When I was just a young boy my mother told me son,
Always be a good boy, don't ever play with guns...
Then I sang that fateful line...
I began to sing the next line of the song... But she interrupted me.
"Daddy," she said. "What is that song?"
"It's called by Folsom Prison Blues, sweetheart."
"Did you write it?" she asked, still gazing at me through the mirror.
"No baby," I answered. "It's a song by Johnny Cash."
The look on her face went from mild concern to genuine fascination. "Sing it again!"
Johnny Cash would have turned 78 years old tomorrow (February 26) had he not died six and a half years ago. Religion was just as much a part of his life as were the drugs he abused and his revolting attitude. In many ways I see myself through the eyes of Johnny Cash, without the fame of course, and the knack for writing great songs... But more in the aspect that he and I shared that same tortured soul syndrome... With a list of bad choices made throughout our lives, but the ability to humble ourselves in the eyes of God. Johnny meant so much more to me than just a song writer. I literally looked up to him as a figure of hope when my life would fall to shambles and as a halo of light when times were good. His beacon was bright, and it carried me through many hard times. His loyalty to God did not go unnoticed, and sometimes during the bad times the combination of his voice and lyrics would bring a tear to my eye as he sang the gospel... Just as his outlaw songs might other times bring out the cause for a whiskey celebration.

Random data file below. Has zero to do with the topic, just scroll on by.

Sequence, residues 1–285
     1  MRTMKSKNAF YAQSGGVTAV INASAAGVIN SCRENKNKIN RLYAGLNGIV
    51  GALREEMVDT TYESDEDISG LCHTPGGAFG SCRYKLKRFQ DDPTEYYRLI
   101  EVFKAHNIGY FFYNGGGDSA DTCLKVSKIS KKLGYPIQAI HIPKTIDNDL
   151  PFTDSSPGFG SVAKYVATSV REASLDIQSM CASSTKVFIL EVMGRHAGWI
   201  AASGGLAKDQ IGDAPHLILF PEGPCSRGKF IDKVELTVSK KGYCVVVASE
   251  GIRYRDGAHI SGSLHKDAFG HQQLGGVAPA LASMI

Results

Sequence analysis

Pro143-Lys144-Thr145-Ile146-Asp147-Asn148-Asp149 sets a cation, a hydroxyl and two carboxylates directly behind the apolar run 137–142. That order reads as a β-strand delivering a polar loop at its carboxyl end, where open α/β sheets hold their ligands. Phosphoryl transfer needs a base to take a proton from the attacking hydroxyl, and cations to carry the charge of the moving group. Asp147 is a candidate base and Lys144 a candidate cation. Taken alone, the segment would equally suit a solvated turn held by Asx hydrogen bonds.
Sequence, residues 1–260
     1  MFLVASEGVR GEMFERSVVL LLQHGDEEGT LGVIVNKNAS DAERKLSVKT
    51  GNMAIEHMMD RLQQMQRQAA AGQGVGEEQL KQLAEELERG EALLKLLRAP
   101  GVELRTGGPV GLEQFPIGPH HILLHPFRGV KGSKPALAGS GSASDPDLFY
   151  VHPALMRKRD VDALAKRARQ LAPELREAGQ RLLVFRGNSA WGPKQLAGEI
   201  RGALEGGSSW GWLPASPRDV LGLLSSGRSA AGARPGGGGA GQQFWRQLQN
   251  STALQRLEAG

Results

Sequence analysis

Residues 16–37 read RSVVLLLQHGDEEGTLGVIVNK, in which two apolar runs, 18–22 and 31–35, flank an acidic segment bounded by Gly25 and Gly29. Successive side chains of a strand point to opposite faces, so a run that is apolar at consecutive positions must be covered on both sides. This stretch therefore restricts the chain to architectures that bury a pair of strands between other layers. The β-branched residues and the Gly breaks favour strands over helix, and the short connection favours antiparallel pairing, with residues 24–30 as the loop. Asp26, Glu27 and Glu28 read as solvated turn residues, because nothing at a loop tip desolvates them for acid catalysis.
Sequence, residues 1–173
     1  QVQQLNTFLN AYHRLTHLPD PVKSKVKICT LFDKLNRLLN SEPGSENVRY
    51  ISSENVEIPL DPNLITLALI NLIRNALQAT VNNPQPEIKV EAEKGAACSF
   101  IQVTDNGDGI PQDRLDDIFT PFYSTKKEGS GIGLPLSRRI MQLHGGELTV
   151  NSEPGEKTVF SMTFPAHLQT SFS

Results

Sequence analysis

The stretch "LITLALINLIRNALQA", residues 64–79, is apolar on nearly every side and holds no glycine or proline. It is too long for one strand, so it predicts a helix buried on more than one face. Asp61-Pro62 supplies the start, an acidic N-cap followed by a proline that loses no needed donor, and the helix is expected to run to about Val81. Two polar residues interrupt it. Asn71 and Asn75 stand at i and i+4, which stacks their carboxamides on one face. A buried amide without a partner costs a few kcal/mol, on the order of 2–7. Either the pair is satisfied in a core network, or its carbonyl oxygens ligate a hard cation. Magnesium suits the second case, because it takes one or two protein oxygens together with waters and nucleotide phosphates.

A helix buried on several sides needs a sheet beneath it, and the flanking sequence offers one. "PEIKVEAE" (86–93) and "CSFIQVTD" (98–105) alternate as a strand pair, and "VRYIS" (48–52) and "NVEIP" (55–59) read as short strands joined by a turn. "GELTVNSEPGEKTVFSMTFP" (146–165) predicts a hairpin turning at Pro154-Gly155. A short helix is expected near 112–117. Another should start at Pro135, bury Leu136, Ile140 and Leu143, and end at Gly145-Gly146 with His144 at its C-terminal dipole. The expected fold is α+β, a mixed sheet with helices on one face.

Like my daughter, my introduction to Johnny Cash was through my father. I loved to sit and listen to my dad play his guitar when I was a small boy, usually around a campfire with a notebook full of song lyrics that my mother had hand written from listening to a stack of vinyl records. He would play the songs of Ernest Tubb, Kris Kristofferson, Jerry Jeff Walker and Willie Nelson. But the moment I would get most excited was when he would pick out that intro to Folsom Prison Blues on the guitar and start singing those lyrics. Anybody who happened to be sitting around the camp fire immediately seemed to fall into a hypnotic state as he sang the words... Well I hear that train a comin'.
Happy birthday, Mr. Cash. As you so eloquently sang with the Highwaymen, you may simply be a single drop of rain; but (you) will remain. And (you'll) be back again...
And again and again and again and again.